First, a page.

from Innovative Leader
Volume 6, Number 9
and Productive Meetings
Butler is a senior consultant with Gemini Consulting (London, UK),
specializing in organizational development and meeting strategy. She is author of Team
Think: 72 Ways to Make Good, Quick, Smart Decisions in Any Meeting
(McGraw Hill, New York, 1996). Phone 44-171-351-4413; email firstname.lastname@example.org.
your meetings provide a climate and structure that is consistently
conducive to maximum creativity, innovation and productivity? Iíll outline a few of the many processes your groups can
use to improve the quality of
their meetings. Youíll
want to employ some of these techniques in all your meetings, some
might be used in conjunction with other techniques, and some will
only be applied in special situations.
taking control of your meetings, youíll immediately improve
results, as well as
contribute significantly to the success and evolution of your
organization. Your meetings are that
important; or at least they should be.
weíll consider the general meeting framework, and then how to
stimulate those creative
give meetings structure, and should always be created and agreed
upon before the meeting begins.
Everyone who participates in the meeting should know its
purpose beforehand and give input into the agendaís creation.
This participation is vital, ensuring that everyone owns,
and is committed to, both the process and the expected results.
Once the meeting begins, this level of structure and
preparation allows participants to focus on the content of their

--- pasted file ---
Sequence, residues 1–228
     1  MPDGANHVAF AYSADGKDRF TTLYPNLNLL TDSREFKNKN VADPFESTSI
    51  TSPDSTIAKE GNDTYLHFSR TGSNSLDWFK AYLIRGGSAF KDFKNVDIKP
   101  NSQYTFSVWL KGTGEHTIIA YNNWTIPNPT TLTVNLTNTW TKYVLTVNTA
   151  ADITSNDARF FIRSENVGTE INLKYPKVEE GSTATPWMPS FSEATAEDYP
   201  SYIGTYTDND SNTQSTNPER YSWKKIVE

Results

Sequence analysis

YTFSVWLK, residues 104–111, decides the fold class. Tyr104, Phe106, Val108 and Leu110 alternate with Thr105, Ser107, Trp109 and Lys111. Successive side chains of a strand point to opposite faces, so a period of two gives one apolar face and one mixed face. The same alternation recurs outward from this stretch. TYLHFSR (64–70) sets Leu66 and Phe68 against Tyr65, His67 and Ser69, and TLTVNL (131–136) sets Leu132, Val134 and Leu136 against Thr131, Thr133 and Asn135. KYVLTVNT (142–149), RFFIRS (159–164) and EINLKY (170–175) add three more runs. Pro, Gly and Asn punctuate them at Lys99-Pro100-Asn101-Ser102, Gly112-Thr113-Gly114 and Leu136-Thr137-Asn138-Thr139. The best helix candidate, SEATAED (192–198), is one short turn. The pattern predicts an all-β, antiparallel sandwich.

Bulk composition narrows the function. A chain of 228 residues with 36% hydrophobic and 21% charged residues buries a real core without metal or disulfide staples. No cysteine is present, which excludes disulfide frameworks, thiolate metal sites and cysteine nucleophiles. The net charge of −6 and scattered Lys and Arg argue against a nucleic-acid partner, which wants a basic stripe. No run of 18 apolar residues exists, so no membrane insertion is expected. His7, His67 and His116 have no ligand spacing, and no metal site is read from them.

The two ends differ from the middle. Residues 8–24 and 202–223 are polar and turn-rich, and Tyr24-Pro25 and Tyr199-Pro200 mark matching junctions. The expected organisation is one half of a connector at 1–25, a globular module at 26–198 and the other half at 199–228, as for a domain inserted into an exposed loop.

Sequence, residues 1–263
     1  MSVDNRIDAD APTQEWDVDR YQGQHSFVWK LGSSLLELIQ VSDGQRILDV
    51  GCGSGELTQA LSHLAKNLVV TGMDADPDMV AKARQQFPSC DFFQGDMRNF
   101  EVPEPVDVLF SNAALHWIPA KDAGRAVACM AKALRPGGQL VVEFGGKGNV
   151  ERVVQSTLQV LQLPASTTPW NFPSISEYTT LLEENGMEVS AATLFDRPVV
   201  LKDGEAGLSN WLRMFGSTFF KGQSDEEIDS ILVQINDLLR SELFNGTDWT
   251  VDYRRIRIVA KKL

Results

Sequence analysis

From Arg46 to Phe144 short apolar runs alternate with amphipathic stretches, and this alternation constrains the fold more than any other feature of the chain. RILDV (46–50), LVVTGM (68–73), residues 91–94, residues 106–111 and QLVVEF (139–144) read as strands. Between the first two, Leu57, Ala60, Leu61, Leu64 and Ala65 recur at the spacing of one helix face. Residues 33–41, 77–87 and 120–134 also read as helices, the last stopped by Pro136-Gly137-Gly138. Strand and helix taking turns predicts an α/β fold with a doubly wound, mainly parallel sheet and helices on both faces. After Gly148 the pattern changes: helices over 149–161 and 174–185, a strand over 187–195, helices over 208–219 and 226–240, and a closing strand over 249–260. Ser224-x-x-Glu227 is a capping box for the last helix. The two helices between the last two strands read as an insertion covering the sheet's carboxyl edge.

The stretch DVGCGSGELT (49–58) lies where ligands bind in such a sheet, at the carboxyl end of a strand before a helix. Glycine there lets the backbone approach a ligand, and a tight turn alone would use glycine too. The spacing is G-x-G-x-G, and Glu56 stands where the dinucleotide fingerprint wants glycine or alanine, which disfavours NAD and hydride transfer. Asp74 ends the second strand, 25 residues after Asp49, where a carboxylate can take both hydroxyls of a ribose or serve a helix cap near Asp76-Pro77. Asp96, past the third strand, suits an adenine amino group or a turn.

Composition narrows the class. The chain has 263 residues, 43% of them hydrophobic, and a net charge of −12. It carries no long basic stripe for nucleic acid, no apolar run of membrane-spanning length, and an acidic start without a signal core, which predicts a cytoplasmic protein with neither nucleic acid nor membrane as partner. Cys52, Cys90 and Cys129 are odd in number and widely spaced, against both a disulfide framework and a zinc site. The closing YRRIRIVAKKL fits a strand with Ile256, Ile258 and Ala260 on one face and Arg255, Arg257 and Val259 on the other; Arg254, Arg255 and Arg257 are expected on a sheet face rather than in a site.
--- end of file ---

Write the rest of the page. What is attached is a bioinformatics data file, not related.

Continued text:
discussions, not the processes that will guide them.
meetings need strong facilitation.
Today, this leadership can come from anywhere within, or
even outside, your organization.
Itís not the facilitatorís job to prescribe the
content or outcomes of the meetings they lead.
Facilitators, instead, implement the structure, processes
and techniques required so that the meeting participants can
effectively accomplish the goals of their agendas.
are essential to all meetings.
They require clearly defined goals, and they need to be thorough and realistic.
is a technique that will stimulate the members of your group
to clear their minds and focus on the meeting.
provides a transition from what they just left behind to the
meeting itself. CLEARING
significantly decreases the time it takes participants to settle
themselves at the beginning of the meeting, providing earlier
focus and greater effectiveness.
technique asks participants to share what was on their minds as
they entered the meeting room.
Once a person has voiced whatís on his or her mind,
itís easier for them to put those thoughts aside.
You may have noticed this in your own life.
For example, after sharing your frustration about a current
project with a colleague, you find that the frustration diminishes
and you are better able to focus on your work.
Left unacknowledged, your frustration mounts, further
impeding your effectiveness.
also allows participants to let the other members know, in a
constructive way, if anything is getting in the way of one hundred
percent participation. The
goal of CLEARING is not to solve problems or address the concerns
that arise, but rather to allow people to simply state their
is a technique for establishing and maintaining acceptable
standards of meeting behavior.
Using this technique will virtually eliminate behavior
problems before they begin.
few examples of groundrules include:
Listen to, and honor, all opinions; one conversation at a
time; focus on the task at hand; work toward honest consensus; fun
is allowed; help us stay on track and on schedule; avoid detail
overload; offer solutions, not complaints; avoid personal agendas;
no lectures; no phone or pager interruptions.
Negotiate a list of groundrules and keep them posted.
certain to discuss, and agree upon, all
ground rules before
the meeting begins. It
is also important for the group to determine what measures it
should take if the groundrules are not followed.
Once the meeting begins, anyone, at any time, can remind
the group that the groundrules arenít being respected.
support meeting productivity, creativity and participation, and
help keep the meeting on track.
now that you have defined the agenda, agreed on the rules, and